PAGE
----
Barts NHS Trust still in crisis and still charging migrants


Migrant Charging

Newham Save Our NHS again challenged Barts Trust Board at its bi-monthly meeting on 1stMay over migrant charging. Despite calls for the suspension of overseas visitor charges by the Royal College of Paediatrics and Child Health, The Royal College of Obstetricians and Gynaecologists and the Faculty of Health , Barts continues its hostile environment policy by investigating suspected migrants and passing information to the Home Office with regard to charging and migrant status. This despite the declaration by the House of Commons Committee of Public accounts on Windrush and recommendations following its own investigations that the Home Office is making decisions on people’s rights based on “ incorrect data from systems that are not fit for purpose”. This is not unconnected to many instances of ridiculously high charges being levied on vulnerable and often destitute people based on their assumed status as not being ‘ordinarily resident’ in the UK. The response to our questions on this from the Trust was to reiterate that they had met with us privately and would continue to consult with commissioners and others about the effects of the charges but that it was not in their remit to challenge the Government on its statutory policies. This is a bureaucratic response which does not fit well with its duty of care to all its patients, irrespective of their status or nationality. It does, however, fit the pattern of their past refusal to take responsibility for this ‘hostile environment’ policy and its effect on people’s lives. The response of the DHSC dated 2ndMay to Hackney Councillor Hayhurst’s complaints about this policy was to simply repeat the Government’s determination to continue with its discriminatory revenue collection exercise and experiment with charging for services in the NHS.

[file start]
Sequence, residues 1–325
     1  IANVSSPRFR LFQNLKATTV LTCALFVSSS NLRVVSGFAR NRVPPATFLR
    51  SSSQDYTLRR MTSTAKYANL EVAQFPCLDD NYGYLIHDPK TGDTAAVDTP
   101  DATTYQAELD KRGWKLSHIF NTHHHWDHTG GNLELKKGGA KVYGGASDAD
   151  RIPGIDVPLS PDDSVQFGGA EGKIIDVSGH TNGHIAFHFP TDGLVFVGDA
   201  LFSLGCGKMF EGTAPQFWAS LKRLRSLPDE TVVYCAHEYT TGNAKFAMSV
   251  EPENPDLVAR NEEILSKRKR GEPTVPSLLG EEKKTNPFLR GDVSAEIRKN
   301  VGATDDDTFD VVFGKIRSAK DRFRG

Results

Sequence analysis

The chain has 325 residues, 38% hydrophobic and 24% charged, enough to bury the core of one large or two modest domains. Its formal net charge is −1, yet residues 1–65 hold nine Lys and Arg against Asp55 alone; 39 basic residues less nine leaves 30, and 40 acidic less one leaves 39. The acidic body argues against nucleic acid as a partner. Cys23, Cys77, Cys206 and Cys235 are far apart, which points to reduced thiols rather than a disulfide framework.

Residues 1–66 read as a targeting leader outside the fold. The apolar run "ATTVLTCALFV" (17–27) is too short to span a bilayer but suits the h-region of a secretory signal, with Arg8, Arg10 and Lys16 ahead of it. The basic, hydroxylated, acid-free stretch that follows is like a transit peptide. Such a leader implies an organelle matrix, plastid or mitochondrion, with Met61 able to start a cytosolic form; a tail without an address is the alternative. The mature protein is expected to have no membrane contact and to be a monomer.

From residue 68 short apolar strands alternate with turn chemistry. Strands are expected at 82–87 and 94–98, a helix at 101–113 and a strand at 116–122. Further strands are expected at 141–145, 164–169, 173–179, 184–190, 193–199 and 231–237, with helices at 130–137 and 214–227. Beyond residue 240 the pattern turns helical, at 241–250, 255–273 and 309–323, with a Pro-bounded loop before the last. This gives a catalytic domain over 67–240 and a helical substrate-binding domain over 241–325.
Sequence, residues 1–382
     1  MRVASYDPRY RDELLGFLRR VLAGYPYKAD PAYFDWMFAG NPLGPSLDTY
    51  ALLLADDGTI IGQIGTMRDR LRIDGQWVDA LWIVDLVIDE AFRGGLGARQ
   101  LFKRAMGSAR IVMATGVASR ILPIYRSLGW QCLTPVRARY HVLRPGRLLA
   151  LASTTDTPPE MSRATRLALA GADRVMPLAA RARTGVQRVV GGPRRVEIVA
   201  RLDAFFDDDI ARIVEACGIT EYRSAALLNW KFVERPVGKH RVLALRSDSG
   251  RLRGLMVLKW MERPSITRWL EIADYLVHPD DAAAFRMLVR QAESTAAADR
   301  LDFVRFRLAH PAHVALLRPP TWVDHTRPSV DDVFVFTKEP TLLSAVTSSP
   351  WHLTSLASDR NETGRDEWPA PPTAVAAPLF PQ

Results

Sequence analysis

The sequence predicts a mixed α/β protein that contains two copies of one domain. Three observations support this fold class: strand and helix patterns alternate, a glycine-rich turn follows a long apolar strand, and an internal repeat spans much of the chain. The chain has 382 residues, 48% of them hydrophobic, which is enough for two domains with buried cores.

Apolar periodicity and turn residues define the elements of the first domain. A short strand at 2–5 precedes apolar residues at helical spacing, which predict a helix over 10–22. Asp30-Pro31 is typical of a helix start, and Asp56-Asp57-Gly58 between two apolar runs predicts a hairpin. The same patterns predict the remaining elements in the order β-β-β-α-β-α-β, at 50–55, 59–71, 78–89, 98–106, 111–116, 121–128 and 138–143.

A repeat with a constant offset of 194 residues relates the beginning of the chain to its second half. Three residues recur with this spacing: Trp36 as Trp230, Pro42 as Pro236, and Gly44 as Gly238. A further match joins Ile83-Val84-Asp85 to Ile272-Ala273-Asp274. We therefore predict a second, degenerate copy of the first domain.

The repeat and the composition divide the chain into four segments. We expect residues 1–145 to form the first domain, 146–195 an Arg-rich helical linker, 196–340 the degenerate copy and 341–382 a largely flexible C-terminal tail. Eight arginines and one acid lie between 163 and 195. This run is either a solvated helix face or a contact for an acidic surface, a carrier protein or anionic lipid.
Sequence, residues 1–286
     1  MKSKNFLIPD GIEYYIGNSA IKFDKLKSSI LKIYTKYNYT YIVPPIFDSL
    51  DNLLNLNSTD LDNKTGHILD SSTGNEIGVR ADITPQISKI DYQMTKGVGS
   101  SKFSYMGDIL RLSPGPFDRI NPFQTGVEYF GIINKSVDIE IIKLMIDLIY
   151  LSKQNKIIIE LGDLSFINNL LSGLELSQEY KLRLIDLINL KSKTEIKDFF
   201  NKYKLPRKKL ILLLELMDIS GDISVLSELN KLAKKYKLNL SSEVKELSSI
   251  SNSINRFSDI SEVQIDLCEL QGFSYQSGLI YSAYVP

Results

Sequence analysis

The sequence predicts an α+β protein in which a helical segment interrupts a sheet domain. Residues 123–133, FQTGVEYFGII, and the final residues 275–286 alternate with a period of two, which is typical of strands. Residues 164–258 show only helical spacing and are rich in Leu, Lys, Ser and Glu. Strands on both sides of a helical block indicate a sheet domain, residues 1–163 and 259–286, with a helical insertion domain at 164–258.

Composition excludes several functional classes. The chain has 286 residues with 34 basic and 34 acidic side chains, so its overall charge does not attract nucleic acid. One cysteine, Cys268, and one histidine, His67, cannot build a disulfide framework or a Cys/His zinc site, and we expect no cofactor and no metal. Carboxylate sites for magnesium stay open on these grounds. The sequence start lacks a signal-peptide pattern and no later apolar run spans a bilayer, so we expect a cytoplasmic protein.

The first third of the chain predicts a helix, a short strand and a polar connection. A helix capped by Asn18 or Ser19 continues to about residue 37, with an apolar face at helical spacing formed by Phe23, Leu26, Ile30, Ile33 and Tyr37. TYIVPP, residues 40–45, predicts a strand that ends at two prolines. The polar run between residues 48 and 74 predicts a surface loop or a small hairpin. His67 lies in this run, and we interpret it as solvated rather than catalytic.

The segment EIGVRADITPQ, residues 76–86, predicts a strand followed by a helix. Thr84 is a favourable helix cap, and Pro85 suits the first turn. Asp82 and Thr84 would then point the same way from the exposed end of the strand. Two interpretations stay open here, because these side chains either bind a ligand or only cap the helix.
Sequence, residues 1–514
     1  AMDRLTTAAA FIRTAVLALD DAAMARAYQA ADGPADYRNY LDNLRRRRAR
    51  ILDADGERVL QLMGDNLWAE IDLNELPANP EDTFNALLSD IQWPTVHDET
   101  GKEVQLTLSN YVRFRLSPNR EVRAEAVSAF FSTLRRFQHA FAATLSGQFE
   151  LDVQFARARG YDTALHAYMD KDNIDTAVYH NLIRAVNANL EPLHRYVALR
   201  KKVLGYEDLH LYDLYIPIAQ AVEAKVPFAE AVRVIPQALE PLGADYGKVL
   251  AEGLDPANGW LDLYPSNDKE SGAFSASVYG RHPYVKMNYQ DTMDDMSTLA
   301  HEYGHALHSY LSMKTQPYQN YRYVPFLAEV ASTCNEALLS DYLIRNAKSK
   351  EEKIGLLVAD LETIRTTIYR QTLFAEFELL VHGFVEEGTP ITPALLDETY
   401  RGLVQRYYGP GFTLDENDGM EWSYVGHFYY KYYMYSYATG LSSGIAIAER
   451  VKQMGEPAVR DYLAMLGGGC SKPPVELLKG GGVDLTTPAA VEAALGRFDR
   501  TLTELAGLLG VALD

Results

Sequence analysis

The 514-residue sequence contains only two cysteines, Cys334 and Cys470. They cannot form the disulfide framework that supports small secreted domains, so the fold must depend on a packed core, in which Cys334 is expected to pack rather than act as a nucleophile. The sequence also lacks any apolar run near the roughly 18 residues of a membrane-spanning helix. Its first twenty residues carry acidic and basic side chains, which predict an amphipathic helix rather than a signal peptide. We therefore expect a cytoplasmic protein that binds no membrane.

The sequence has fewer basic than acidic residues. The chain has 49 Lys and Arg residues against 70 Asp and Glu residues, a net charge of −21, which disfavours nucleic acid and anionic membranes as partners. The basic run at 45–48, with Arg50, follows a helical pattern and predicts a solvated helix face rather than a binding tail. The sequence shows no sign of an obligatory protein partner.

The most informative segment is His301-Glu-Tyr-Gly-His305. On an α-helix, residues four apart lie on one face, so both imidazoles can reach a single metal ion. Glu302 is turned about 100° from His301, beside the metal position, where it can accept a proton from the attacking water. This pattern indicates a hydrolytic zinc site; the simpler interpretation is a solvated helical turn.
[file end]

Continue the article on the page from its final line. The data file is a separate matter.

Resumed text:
Conflict with NHSE over funding strings attached

We then asked if the Trust was unable to invest adequately in medical equipment, as indicated in their minutes of the last meeting which stated that due to “capital funding constraints”  they were unable to provide such equipment “to support safe, effective and timely care”. They have admitted that it was lack of Government funding which is preventing adequate investment in IT, buildings and medical equipment. Waltham Forest Save Our NHS had also asked why they had not been awarded sustainability funds and why they had not agreed a control total. Such control totals are a way of restricting the expenditure of a Trust by agreeing to spend in different areas according to limits set out by NHSE budget constraints. It transpires that they had been offered £54.9m from the sustainability fund but had refused to accept it because the control total they had to agree would have put patients care at risk. So this is the scenario. Basically you are awarded funds if you agree to make cuts. Catch 22. Take the money and lose or leave the money and struggle with your existing budget. Currently the Trust is £84.2m in deficit and much of this is due to PFI. It puts all of the Trusts long term plans in jeopardy, as they themselves declared.

Staffing Crisis continues

Pressures on staff have continued unabated as conditions of work deteriorate and as the effects of austerity and accommodation pressures in London affect nursing and ancillary staff. The Trust says that it is dealing with 450 more patients per day than it did after its inception. Further, 500 000 patients were treated in A and E over the past year. Some staff have complained that they are being asked to do work which those on higher bands in other hospitals would not ordinarily be asked to do. Management have set a 4% target for incorrect medication and agree that initiatives introduced in the US where incorrect medication is the 3rdhighest killer, should be introduced here. This means primarily that nurses on their rounds should be allowed to proceed with their routine administration of medicine unmolested and undistracted. It doesn’t help that levels of bullying, violence, harassment , health and wellbeing , remain areas of concern. With 1 in 5 staff, mainly female, needing to provide care at home , this has affected absentee rates. Inflexible rosters, lack of onsite creche facilities and rising costs of providing supervision or care for elderly relatives or children all contribute to staff having to take time off after working extensive shifts. Most shocking of all is that in a recent survey 30% of staff interviewed said they are thinking of leaving and 22% are leaving as soon as they can get a job. There are no recent figures on the effects of Brexit on applications in recent months. 

Phil Edwards

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